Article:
1881 to 1970

photograph of old houseEdward Rudolf did not like the idea of children going into workhouses. These institutes were regarded with fear and distrust by many of the population and were often places of last resort. They certainly did not provide a good environment for a child to grow up in.

Rudolf wanted children to be part of their local community, not removed from it. His vision was to give poor, homeless children a loving and secure family environment.

To do this he set up small family group or cottage homes, each with around 10 children aged between five and fourteen, with a master and matron to act as parents.

The first home opened in Dulwich, south London, in 1882. It was very successful and Rudolf's views were vindicated as many new homes rapidly opened in other areas of England and Wales. This movement towards providing a new style of home for destitute children played its part in helping to highlight awareness of child poverty and contributed to the movement towards a more enlightened society.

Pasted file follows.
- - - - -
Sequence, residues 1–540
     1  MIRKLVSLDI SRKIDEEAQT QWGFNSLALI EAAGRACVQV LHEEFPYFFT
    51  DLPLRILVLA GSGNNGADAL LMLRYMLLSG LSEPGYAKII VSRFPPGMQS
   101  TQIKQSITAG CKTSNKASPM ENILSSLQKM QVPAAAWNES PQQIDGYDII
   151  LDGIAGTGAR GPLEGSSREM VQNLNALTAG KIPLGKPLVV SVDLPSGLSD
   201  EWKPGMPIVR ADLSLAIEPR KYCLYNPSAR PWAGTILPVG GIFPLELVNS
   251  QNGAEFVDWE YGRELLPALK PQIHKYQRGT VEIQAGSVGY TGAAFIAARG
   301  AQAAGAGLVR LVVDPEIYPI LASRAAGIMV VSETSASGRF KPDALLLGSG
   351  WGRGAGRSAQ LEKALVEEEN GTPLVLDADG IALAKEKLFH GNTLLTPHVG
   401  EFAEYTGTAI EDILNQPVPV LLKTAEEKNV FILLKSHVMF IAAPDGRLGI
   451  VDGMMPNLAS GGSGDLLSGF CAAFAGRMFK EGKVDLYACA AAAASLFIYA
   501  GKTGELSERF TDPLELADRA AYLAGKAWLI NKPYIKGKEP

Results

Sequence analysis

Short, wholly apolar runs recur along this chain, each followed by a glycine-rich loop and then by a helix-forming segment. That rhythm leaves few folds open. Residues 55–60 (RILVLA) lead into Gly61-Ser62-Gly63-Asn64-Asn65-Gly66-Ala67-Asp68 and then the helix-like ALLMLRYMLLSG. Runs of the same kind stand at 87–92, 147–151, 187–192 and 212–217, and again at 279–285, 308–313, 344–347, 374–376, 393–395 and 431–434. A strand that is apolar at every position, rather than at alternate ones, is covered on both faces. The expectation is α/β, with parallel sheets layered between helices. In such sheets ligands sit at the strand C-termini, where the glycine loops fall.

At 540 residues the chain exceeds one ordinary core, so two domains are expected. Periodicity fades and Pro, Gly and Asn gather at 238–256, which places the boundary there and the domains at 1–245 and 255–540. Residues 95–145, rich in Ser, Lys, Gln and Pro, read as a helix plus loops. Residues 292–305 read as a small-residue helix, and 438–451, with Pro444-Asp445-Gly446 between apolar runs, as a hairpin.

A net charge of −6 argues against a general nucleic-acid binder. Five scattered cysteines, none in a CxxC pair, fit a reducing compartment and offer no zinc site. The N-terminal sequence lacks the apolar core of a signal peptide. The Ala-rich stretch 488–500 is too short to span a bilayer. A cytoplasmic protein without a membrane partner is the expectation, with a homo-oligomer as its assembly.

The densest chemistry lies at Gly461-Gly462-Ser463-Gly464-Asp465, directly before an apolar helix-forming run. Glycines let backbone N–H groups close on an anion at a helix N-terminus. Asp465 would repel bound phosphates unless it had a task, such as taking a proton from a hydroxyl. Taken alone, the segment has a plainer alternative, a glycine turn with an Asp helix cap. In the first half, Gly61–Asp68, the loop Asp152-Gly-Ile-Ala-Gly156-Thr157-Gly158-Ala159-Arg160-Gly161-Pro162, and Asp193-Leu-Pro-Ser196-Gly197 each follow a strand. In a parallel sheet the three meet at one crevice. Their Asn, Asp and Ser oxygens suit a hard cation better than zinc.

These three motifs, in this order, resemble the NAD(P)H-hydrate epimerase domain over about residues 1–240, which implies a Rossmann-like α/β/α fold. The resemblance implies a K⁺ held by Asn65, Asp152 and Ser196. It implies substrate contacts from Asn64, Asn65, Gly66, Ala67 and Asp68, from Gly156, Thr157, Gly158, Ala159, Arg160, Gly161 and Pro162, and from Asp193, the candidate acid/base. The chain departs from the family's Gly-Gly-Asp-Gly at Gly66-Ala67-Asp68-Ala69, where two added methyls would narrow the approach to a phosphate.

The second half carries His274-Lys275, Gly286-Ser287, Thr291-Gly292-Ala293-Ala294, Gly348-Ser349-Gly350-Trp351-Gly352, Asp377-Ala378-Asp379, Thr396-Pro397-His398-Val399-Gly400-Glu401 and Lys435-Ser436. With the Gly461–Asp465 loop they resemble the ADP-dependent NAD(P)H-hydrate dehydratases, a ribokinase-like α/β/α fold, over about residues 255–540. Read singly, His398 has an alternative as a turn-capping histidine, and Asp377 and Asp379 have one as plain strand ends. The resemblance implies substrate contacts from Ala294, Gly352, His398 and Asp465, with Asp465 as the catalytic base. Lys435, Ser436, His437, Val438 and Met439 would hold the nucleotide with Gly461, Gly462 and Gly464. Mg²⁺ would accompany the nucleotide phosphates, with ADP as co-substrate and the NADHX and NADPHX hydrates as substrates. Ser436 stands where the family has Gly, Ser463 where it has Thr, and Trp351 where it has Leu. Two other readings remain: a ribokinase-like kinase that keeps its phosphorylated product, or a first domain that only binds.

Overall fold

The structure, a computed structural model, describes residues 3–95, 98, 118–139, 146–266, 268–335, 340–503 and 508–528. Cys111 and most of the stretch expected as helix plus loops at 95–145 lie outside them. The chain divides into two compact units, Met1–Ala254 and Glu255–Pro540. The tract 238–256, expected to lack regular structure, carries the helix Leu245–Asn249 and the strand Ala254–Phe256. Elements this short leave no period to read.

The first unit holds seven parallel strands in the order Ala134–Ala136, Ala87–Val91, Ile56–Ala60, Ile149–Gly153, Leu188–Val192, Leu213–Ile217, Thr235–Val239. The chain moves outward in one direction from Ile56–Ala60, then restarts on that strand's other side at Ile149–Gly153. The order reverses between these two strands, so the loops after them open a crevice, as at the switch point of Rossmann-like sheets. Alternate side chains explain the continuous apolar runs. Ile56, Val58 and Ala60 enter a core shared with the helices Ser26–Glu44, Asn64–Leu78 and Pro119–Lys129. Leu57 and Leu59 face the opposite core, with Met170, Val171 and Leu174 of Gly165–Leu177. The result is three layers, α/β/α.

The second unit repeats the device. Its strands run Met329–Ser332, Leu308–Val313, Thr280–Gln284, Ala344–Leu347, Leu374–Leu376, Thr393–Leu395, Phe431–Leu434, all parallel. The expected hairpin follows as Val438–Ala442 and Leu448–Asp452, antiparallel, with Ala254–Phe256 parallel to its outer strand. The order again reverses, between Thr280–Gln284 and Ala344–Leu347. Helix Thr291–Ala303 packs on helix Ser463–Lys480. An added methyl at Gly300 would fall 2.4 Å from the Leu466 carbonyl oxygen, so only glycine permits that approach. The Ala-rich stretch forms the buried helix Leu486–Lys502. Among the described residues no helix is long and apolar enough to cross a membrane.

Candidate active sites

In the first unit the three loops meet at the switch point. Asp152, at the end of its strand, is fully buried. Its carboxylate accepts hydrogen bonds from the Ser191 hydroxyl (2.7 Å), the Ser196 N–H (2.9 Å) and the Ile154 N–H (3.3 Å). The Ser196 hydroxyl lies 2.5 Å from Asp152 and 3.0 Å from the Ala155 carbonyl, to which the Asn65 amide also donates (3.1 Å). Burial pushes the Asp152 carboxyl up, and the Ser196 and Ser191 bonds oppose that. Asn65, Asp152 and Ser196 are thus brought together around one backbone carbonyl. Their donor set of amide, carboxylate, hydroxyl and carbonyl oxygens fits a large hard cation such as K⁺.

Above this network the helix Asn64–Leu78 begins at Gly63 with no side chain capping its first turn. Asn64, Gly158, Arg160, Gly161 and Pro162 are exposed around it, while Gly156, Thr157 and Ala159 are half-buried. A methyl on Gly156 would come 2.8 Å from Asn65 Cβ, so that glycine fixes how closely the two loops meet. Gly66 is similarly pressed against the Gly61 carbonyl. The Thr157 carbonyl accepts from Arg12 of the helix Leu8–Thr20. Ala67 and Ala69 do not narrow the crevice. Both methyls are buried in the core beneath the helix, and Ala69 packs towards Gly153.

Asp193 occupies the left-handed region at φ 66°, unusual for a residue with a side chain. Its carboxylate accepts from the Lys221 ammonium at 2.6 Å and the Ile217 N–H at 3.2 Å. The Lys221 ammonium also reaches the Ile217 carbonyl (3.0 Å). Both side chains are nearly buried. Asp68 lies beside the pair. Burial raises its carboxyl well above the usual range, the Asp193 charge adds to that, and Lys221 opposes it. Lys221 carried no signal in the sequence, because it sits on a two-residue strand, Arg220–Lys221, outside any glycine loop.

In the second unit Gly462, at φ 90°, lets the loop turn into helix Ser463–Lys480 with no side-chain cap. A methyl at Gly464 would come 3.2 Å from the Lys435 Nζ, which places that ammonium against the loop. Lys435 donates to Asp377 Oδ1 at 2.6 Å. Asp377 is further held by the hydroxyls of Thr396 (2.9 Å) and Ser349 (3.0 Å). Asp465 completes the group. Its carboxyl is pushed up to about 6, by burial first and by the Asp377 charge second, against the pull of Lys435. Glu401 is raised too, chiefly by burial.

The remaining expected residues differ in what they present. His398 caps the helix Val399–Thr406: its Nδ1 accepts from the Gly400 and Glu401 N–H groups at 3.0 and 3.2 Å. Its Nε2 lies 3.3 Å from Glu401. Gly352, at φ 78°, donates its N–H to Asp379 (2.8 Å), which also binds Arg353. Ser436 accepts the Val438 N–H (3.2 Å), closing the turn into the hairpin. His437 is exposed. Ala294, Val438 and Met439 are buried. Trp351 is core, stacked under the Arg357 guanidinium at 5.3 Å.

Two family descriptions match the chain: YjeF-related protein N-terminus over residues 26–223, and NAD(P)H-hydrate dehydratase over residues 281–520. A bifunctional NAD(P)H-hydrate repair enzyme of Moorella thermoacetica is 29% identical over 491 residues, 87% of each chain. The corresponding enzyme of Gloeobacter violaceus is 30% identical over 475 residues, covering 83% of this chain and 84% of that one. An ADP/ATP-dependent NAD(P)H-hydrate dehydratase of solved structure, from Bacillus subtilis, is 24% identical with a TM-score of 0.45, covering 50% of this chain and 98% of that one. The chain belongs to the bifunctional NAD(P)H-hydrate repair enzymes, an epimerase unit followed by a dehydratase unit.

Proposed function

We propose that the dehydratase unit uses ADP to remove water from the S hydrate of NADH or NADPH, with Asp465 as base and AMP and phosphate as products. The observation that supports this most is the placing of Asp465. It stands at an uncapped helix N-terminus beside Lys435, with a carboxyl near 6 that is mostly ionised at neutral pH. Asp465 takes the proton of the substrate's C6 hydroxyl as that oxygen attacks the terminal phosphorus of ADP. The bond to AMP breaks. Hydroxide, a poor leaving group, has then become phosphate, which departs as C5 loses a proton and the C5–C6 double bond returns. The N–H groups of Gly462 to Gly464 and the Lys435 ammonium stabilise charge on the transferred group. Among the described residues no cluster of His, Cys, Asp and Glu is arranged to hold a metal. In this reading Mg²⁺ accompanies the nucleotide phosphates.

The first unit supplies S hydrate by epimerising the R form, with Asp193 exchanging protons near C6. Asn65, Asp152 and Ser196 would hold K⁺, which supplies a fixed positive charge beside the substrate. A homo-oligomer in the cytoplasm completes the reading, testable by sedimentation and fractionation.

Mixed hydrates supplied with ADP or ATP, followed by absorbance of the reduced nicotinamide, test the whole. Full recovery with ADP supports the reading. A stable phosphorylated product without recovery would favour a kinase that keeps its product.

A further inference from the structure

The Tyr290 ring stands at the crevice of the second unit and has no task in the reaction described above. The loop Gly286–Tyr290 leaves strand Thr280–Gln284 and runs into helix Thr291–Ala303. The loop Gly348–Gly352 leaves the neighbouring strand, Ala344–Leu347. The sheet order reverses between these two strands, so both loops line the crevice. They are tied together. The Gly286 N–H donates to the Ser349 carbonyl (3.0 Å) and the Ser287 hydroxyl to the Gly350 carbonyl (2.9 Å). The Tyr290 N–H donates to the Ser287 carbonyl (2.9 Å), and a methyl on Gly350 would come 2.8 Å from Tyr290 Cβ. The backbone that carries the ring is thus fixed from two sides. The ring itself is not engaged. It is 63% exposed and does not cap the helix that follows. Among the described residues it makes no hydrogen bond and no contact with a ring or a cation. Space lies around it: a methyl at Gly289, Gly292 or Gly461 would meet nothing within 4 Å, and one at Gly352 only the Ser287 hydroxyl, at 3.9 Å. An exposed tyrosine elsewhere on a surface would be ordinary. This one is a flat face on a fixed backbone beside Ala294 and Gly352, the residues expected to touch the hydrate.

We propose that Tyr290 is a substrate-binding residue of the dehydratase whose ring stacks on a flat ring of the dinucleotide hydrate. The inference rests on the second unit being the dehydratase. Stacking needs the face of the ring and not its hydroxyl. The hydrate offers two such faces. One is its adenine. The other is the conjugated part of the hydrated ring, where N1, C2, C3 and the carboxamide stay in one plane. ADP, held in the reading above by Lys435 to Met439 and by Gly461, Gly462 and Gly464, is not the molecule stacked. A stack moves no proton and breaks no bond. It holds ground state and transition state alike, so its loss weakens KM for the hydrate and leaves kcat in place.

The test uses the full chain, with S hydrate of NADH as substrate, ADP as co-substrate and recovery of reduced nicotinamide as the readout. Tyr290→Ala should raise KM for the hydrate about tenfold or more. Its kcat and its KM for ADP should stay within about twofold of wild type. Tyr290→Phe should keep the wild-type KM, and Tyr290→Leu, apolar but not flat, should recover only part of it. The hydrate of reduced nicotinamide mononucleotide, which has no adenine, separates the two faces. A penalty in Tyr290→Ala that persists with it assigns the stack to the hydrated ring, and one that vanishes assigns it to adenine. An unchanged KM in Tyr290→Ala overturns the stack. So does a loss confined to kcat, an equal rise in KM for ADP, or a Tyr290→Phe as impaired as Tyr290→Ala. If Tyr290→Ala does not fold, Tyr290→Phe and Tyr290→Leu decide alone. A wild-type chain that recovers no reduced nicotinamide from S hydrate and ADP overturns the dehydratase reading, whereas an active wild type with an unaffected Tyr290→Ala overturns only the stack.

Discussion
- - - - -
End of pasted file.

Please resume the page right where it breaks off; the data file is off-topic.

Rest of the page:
In highlighting social problems such as this and taking the difficult first steps towards addressing them - making people feel that these problems need not always be with us - The Children's Society played a part in laying the foundations of the Welfare State.

Sheer poverty was a major factor in children entering The Children's Society homes, but family breakdown or dysfunction could also be factors. Runaways and children in trouble with the law were both well-represented.